This is the easy part of the referendum Minneapolis voters will find on their ballots November 5. First approved in 1990, it's given the schools $25 million a year so they could reduce class sizes to a tolerable level. If it's not renewed, close to 10 percent of the district's general-fund revenue will be lost. Sitting in Kujak's classroom, the conclusion seems logical: These kids obviously deserve every penny.

          A look at the politics behind the referendum is educational--not for what it says about this particular levy, but for what it reveals about how public education will be paid for (or not paid for) in the future.

          On the surface, the campaign is a love fest. The school district, obviously, supports the levy. So does the teachers' union, many of whose members are paid directly from referendum funds. The Star Tribune, which editorialized against the measure in 1990, is now in favor. Even the Chamber of Commerce has gotten on board.

          So, you might ask, what's different this time? A few things--a new superintendent, a good PR effort, a decent record spending referendum money. More than anything, though, the change is a matter of who will be paying the tab. Businesses and rich homeowners bore most of the referendum burden over the last six years. Now, as a result of legislative changes and a Faustian pact the district struck with business interests, homeowners will have to shell out. And that's the part referendum proponents don't like to talk about.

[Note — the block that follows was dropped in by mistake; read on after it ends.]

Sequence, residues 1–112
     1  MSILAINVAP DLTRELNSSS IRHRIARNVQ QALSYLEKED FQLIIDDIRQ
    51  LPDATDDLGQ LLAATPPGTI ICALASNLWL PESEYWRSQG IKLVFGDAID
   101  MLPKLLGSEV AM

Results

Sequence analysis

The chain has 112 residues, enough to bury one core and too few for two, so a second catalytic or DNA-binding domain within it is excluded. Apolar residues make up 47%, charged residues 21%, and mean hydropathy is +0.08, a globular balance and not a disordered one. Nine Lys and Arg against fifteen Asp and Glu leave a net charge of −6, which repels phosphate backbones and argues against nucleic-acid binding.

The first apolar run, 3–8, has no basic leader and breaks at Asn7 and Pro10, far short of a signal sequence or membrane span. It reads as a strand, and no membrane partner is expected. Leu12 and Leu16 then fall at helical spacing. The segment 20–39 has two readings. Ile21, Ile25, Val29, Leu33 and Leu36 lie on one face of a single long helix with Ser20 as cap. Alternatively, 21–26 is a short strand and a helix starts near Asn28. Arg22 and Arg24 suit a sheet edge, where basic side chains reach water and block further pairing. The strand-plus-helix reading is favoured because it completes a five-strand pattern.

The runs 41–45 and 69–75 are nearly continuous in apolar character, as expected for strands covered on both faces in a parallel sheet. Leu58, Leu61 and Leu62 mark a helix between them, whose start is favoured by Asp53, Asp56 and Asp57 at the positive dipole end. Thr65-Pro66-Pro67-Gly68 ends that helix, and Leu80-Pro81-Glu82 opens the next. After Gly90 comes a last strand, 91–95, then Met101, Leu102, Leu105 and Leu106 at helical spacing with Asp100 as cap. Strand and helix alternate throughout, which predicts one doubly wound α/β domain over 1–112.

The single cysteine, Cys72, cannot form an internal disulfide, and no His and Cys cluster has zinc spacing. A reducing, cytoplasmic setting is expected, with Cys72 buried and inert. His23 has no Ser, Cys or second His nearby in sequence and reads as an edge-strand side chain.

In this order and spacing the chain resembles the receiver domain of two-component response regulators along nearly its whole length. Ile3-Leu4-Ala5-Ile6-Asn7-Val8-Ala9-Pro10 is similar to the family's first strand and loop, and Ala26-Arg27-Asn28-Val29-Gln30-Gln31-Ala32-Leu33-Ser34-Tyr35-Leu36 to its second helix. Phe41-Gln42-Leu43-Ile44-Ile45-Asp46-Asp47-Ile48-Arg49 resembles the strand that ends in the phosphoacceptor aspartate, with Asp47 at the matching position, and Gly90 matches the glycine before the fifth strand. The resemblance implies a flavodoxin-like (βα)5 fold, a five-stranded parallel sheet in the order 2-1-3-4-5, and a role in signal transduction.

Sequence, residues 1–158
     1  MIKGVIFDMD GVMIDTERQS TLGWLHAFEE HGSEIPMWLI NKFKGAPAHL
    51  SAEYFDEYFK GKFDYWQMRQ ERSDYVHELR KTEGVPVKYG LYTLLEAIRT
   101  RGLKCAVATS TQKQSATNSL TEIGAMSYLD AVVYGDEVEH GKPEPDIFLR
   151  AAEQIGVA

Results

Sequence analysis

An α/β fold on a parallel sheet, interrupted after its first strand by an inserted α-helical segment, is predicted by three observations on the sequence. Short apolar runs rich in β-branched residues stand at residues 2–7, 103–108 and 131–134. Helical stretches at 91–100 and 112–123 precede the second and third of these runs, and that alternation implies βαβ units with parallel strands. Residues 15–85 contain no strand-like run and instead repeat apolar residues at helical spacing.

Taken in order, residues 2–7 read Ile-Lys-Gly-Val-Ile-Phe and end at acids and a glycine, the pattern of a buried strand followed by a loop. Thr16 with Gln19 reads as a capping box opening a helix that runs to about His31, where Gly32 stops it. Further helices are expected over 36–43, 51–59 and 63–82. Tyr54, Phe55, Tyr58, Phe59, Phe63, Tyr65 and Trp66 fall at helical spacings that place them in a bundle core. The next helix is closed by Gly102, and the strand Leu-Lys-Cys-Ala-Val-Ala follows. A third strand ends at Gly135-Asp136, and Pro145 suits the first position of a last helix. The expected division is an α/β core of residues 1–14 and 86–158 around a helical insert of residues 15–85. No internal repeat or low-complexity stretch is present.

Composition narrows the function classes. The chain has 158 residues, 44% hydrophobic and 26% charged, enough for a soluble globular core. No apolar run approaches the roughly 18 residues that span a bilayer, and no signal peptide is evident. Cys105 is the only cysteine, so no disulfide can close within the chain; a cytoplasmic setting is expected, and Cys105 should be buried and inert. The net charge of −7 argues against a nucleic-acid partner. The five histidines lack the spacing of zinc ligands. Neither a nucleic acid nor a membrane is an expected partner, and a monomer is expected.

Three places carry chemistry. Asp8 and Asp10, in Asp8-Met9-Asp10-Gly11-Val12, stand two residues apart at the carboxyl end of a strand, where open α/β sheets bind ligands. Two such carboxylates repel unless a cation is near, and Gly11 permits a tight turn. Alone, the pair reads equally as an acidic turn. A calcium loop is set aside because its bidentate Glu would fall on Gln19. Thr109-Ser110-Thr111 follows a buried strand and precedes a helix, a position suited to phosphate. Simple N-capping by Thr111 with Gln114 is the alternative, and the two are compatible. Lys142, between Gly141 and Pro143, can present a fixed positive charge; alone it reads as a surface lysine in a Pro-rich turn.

Take what they told Beth Popalisky. A teacher in the Anoka-Hennepin School District, she was an easy sell to start with: She has 33 students in her classroom and appreciated the benefits of Minneapolis's lower numbers. But she just bought a house in the city, and she'd heard that the referendum could cost her as much as $120 a year. So she called the Better Schools/Better Communities referendum hotline. It was a relief to hear that at the most, her school property tax bill would rise by $21 next year if the levy was approved.